Con­sumers still have to face up­com­ing steep elec­tric­ity tar­iff hikes, as well as pay more for such things as med­i­cal bills and mu­nic­i­pal levies.

Un­like last year when Eskom raised elec­tric­ity tar­iffs by 8%, the in­crease this year will be 12,7%. The en­ergy reg­u­la­tor al­lowed Eskom this tar­iff in­crease be­cause of the fi­nan­cial woes the en­ergy provider is fac­ing.

The chal­lenge with eco­nomic in­di­ca­tors is how fast they change. The benefits from lower oil prices ap­pear to be dis­si­pat­ing as the cost of this com­mod­ity has risen slightly over the past few days.

The ef­fect on do­mes­tic fuel prices is that the sharp drops in prices ex­pe­ri­enced in re­cent months could dis­si­pate. This shows just how much con­sumers need to take ad­van­tage of lower prices while they still have them.

The rand con­tin­ues to be un­re­li­able given its volatil­ity. Just when it ap­pears it has set­tled within a firmer band, the next day some­thing hap­pens in the US and it weak­ens un­der se­vere pres­sure.

There are sev­eral fac­tors that could boost the rand: a nar­row­ing of the cur­rent ac­count and bud­get deficits, cer­tainty re­gard­ing power pro­vi­sion, and a quick res­o­lu­tion to public-sec­tor wage talks.

In­vestec chief econ­o­mist Annabel Bishop says in a rand out­look re­port that the trade-weighted rand is ex­pected to strengthen this year and in the long term re­gain its pur­chas­ing power par­ity val­u­a­tion against the US dollar.

Gov­ern­ment’s fis­cal con­sol­i­da­tion looks set to con­tinue, as ex­plained by Fi­nance Min­is­ter Nh­lanhla Nene in the re­cent bud­get.

Still on fis­cal con­sol­i­da­tion, the fi­nance min­is­ter, as the per­son re­spon­si­ble for the gov­ern­ment purse, would do well to ad­vise Pres­i­dent Ja­cob Zuma and the en­tire ANC lead­er­ship to avoid cre­at­ing more de­part­ments. The ex­ist­ing ones need to im­prove their de­liv­ery. The ad­di­tion of the small busi­ness devel­op­ment min­istry, for in­stance, af­ter the May 7 gen­eral elec­tions last year, was not nec­es­sary as th­ese du­ties could have been car­ried out by the Trade and In­dus­try Depart­ment.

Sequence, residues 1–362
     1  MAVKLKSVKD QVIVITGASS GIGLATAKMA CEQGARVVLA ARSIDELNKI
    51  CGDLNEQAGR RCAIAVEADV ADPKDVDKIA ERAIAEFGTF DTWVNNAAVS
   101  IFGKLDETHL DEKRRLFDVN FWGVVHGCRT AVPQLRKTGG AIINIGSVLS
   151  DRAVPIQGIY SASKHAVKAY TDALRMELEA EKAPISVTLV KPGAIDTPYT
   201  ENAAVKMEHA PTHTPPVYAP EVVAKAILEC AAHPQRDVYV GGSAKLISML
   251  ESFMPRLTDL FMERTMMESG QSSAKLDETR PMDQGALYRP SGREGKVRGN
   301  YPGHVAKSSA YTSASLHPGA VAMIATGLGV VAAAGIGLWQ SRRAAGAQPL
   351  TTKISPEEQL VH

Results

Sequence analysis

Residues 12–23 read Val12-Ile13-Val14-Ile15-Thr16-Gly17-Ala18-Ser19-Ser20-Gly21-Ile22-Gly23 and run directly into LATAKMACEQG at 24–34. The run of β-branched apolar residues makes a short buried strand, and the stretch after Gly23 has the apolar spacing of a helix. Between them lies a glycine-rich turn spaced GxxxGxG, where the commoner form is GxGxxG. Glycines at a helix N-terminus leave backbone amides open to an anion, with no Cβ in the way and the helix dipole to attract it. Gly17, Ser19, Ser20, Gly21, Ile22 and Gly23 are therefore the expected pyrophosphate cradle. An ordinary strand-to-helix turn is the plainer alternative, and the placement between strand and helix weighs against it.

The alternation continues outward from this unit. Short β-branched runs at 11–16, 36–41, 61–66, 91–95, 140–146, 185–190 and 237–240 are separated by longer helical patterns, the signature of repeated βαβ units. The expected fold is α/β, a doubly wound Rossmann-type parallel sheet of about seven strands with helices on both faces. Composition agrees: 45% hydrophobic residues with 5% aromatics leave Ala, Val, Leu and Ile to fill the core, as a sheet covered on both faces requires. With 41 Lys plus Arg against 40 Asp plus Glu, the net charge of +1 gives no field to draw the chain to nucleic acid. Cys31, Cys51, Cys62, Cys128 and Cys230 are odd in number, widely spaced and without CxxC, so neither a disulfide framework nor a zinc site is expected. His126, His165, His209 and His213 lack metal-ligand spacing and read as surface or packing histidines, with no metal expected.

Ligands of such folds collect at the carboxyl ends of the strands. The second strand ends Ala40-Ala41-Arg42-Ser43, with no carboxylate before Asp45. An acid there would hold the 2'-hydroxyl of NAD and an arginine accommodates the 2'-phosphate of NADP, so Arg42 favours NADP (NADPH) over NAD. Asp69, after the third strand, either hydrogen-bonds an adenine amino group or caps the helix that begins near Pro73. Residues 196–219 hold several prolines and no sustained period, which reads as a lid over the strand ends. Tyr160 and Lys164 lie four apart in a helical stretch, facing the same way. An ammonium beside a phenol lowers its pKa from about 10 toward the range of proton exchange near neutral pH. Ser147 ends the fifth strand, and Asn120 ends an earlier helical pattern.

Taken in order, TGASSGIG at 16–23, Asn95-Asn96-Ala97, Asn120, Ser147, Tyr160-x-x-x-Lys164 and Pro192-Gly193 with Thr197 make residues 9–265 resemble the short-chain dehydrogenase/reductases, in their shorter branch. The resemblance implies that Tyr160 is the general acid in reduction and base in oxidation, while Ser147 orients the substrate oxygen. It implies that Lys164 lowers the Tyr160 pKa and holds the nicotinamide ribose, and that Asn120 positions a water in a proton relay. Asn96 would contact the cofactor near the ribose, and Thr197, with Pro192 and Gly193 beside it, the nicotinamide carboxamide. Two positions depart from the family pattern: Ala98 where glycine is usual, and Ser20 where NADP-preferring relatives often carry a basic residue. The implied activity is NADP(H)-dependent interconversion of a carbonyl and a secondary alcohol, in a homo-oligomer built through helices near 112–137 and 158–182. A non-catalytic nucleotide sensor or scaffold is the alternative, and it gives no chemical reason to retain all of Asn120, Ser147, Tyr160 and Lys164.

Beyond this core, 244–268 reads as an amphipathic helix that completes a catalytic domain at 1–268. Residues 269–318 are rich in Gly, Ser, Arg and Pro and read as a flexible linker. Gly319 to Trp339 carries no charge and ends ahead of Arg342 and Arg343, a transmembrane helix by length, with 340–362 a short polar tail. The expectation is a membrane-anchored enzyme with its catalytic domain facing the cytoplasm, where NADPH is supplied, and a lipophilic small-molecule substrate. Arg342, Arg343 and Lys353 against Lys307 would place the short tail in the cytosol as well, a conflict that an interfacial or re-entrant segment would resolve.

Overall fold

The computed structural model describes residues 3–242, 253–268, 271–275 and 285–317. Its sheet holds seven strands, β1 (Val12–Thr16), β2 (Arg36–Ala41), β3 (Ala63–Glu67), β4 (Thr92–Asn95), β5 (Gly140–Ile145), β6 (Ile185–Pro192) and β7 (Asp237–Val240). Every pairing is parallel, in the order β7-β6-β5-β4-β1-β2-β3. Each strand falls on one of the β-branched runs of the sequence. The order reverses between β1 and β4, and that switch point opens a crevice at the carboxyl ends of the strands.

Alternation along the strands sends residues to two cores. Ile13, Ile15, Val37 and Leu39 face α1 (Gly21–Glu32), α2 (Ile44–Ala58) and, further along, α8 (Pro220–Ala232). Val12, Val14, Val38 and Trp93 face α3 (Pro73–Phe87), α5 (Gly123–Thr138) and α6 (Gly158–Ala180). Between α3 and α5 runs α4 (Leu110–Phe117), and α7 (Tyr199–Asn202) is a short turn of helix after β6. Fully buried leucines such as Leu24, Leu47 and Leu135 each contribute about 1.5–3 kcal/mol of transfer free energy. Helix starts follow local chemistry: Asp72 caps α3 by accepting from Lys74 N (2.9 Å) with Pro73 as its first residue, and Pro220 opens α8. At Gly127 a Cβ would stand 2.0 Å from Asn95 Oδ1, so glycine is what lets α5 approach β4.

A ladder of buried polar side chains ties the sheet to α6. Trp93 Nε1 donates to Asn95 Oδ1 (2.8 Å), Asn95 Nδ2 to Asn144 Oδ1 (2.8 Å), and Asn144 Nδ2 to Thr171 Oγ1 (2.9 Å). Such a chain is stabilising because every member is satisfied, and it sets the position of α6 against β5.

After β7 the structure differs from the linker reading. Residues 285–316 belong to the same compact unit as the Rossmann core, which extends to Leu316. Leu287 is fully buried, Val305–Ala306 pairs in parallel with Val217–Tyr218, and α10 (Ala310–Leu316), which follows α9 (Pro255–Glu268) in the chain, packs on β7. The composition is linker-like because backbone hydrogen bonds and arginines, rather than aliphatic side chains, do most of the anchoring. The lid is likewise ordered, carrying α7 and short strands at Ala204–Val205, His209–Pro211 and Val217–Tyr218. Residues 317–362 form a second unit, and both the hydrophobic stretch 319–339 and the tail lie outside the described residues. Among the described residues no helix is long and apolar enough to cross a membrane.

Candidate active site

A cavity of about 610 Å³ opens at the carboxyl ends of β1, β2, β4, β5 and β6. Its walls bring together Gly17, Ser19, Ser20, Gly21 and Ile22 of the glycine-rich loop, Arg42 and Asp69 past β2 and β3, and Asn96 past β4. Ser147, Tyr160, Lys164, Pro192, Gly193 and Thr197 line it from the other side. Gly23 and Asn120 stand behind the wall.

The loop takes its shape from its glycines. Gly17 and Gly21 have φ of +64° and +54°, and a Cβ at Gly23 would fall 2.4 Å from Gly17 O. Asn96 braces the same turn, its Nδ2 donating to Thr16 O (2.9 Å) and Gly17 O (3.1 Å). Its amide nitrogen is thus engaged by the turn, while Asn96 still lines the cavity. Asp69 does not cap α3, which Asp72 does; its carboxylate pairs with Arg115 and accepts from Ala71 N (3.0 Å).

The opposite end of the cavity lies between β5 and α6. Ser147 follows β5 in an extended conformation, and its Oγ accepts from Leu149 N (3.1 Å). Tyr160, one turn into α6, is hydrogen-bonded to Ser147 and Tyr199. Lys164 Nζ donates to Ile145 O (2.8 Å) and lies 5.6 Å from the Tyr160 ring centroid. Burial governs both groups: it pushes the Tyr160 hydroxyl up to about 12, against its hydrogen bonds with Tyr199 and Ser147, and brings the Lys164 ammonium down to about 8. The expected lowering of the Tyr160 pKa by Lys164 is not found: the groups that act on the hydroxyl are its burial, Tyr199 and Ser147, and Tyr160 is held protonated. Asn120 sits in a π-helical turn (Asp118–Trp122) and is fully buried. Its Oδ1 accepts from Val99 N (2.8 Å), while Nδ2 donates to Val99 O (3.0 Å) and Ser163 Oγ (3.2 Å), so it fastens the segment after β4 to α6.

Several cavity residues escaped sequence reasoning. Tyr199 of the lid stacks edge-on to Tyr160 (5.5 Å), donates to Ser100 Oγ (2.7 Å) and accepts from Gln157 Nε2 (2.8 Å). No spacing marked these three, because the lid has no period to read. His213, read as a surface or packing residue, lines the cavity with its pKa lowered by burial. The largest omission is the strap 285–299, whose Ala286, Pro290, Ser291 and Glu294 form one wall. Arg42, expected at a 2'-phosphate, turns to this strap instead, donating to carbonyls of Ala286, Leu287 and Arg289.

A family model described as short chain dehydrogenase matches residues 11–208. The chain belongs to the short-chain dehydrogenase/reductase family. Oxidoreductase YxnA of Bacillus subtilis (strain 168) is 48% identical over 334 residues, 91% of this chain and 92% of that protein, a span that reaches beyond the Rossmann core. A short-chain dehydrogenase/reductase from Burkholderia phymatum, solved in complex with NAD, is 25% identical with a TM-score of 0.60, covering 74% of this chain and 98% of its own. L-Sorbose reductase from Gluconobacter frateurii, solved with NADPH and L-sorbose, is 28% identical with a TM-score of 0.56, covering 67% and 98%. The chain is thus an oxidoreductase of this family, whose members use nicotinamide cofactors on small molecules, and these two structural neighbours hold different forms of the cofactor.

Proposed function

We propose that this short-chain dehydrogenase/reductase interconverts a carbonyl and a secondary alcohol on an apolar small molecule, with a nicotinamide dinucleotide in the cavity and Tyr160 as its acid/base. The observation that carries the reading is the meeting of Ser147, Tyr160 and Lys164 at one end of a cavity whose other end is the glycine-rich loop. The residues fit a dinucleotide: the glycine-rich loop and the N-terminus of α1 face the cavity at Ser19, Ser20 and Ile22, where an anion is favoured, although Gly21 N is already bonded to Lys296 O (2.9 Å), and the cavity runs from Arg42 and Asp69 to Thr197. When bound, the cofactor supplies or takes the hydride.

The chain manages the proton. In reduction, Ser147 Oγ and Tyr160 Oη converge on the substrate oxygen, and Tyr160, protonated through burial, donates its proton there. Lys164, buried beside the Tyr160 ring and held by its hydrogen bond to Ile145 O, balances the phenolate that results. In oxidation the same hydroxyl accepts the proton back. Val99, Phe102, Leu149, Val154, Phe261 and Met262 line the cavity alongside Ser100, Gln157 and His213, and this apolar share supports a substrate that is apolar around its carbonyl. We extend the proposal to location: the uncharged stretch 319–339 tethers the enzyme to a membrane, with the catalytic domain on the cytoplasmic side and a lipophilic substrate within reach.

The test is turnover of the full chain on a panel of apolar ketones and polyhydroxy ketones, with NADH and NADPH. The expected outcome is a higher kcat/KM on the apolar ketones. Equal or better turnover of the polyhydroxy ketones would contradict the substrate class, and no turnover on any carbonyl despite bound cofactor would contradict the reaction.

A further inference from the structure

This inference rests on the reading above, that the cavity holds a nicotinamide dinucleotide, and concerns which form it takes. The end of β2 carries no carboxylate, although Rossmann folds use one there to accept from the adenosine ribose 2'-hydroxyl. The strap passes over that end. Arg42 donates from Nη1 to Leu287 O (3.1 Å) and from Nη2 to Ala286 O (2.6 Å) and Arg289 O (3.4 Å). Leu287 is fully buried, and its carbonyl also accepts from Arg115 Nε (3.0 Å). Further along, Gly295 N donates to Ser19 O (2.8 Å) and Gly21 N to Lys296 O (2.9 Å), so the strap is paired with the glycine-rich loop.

Spend­ing pru­dently will help bring down bud­get deficits over time, lead to a firmer rand and help SA avoid sovereign credit down­grades.

If the coun­try man­ages its fi­nances well enough, some agen­cies might even up­grade the rat­ings, which are dan­ger­ously close to junk sta­tus.

In­vestors are never too keen on in­vest­ing in a coun­try whose bonds are rated junk.

Global eco­nomic growth should pro­vide some tail­winds to the lo­cal econ­omy. World eco­nomic growth is ex­pected to be higher this year than last year — which im­plies higher de­mand. SA is an open econ­omy that benefits from sell­ing to global mar­kets.

The only un­cer­tainty is where oil prices will end up. It is safe to as­sume that oil prices are un­likely to fall to lev­els of around $45 a bar­rel given that global de­mand should gain some mo­men­tum go­ing into the sec­ond half of the year. In­stead fore­casts are for the oil price to re­cover to around $60 by year-end.

It can only be hoped that those re­spon­si­ble for buy­ing the oil that SA uses have been us­ing this op­por­tu­nity to stock up on the com­mod­ity.

What is im­por­tant for SA over the com­ing months is not just where oil prices go, but when the US Fed­eral Re­serve starts rais­ing in­ter­est rates.

If higher rates in the US cause emerg­ing-mar­ket cur­rency weak­ness, in­clud­ing the rand, and this causes de­te­ri­o­ra­tion in the in­fla­tion out­look, chances are the Re­serve Bank will raise rates in the fi­nal quar­ter of this year.

Higher in­ter­est rates are in­evitable and must be done if SA is to com­pete suc­cess­fully for thou­sands of in­vestors around the world who are look­ing for higher re­turns on in­vest­ments.

What is im­por­tant for SA over the com­ing months is not just where oil prices go, but when the US Fed­eral Re­serve starts rais­ing in­ter­est rates